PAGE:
When such crystals are melted into liquids, the ion bonds are first broken because they are not directional and allow the loaded species to move freely. Similarly, when such salts dissolve in water, ion bonds are usually broken by interaction with water, but covalent bonds persist. In solution, for example, cyanide ions, which are always linked together as individual NC ions, move independently by the solution, as do sodium ions like Na. In the water, the charged ions move, because each of them is more attracted to a series of water molecules than to each other. The attraction between ions and water molecules in these solutions is due to a kind of low dipol-dipoliic chemical bond. In melted ion assemblages, ions continue to be attracted to each other, but not in an orderly or crystalline manner. Because atoms and molecules are three-dimensional, it is difficult to use a single method to indicate orbitals and links. In molecular formulas, chemical bonds (binding orbitals) between atoms are displayed differently depending on the type of discussion. Sometimes certain details are overlooked. In organic chemistry, for example, it is sometimes only the functional group of the molecule. Thus, the molecular formula of ethanol in a compliant form, in a three-dimensional form, a complete two-dimensional shape (which indicates each bond without three-dimensional directions), of a compressed two-dimensional shape (CH3-CH2-OH) can be written by dissociating the functional group from another part of the molecule (C2H5OH) or by its atomic components (C2H6O), depending on what is being discussed.
Sometimes even Valenz-bol`s non-binding cartridges (with approximate two-dimensional directions) are marked, z.B. for elemental carbon. That`s what I`m not going to do. Some chemists may also mark the corresponding orbitals, z.B the hypothetical ether 4 anion (-/C-C/-4) which indicates the possibility of binding. Powerful chemical bonds are the intramolecular forces that keep atoms united in molecules. A strong chemical bond results from the transmission or joint use of electrons between nuclear centers and relies on electrostatic attraction between protons in nuclei and electrons in orbitals. The idea that all systems tend to move in the lowest-access energy state (losing excess energy in its environment) is applicable to a wide variety of situations. The system`s potential energy decreases as the distance between the atoms decreases until the system strikes a balance between the stabilizing interaction of the bond and the destabilizing release of the two nuclei. This minimum energy is called binding energy, and this amount of energy must be injected into the system for the two atoms to separate again.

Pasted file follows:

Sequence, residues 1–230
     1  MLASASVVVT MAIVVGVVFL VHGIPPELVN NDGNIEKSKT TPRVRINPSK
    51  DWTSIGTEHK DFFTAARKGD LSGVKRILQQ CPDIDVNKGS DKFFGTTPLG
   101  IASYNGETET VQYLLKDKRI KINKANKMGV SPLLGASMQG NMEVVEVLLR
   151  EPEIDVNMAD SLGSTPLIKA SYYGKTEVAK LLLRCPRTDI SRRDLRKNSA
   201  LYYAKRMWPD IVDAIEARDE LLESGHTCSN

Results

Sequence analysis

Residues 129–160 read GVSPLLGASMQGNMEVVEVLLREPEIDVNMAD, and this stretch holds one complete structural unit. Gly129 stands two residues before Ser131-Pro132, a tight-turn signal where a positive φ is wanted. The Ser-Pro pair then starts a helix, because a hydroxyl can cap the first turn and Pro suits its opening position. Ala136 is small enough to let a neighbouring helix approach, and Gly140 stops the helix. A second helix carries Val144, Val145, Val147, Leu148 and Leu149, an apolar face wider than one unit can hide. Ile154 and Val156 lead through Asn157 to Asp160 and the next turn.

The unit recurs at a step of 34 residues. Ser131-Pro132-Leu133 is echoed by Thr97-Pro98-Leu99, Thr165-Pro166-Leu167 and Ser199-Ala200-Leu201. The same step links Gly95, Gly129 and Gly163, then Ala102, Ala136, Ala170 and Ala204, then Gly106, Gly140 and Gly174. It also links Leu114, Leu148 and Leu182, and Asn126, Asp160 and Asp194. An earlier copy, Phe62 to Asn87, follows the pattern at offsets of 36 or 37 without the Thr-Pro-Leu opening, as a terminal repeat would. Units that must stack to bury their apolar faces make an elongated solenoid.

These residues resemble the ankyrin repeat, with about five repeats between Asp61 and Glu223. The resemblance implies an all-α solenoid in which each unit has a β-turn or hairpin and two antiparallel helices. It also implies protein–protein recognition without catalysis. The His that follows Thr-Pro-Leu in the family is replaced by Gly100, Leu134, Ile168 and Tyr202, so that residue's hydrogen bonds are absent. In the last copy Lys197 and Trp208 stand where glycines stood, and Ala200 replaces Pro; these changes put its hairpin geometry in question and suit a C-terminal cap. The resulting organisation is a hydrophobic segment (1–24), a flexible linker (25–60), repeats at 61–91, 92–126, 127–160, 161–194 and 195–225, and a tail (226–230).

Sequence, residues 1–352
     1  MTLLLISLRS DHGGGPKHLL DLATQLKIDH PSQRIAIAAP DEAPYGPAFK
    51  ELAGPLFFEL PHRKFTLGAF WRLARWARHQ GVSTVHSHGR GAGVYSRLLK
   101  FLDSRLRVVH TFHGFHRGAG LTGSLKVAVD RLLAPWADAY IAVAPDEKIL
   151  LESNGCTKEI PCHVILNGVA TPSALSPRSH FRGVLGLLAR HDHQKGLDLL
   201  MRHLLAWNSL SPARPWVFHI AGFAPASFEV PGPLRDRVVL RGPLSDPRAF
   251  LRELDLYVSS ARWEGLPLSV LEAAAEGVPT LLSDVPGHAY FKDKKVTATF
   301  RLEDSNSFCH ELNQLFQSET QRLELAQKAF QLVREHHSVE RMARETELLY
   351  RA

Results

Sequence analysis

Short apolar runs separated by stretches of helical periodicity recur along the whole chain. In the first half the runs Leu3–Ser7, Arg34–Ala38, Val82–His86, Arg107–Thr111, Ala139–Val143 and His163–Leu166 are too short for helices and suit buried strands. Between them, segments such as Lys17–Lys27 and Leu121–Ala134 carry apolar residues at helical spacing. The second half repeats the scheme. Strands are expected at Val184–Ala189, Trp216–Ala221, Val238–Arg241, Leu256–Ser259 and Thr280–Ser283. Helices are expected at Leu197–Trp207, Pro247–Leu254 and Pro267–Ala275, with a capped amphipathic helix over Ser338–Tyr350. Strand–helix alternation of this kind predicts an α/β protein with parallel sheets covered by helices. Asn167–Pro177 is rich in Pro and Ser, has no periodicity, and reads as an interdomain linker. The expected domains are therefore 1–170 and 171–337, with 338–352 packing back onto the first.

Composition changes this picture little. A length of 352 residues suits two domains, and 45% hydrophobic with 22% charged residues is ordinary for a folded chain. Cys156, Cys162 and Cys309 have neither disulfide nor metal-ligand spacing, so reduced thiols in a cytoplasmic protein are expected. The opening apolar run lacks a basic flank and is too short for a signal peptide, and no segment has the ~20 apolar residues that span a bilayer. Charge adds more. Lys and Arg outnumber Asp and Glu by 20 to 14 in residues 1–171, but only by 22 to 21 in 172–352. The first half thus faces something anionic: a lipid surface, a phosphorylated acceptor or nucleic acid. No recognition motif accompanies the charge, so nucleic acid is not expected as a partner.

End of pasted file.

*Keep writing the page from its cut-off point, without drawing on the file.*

The distance between the nuclei, if the binding energy is at a minimum, is the length of the bond. With regard to the basic physics of the covalent bond, a long-lasting and still widely held vision is that chemical bonding is essentially an electrostatic phenomenon. It is assumed that energy reduction, which corresponds to binding formation, is the result of the decrease in potential energy due to the attractive interaction between the nuclei and the electronic load accumulated in the binding zone. This essentially classic and static image of the distributions of interacting loads is attractive in its simplicity, in fact it seems to be a simple extension of Lewis`s theory. In addition, the electrostatic view above appears to correspond to Virial`s theorem [34,35,36], according to which the relationship between the total potential and kinetic energy of a molecule in its equilibrium geometry is always equal to 2. In other words, the attractive component of the binding energy is therefore due to the (electrostatic) energy of the potential, while the kinetic component is repugnant. This electrostatic view was originally developed by Slater  in 1933, supported by Feynman  in 1939, and then by Coulson , whose 1952 book Valencia had a strong influence on the chemical community.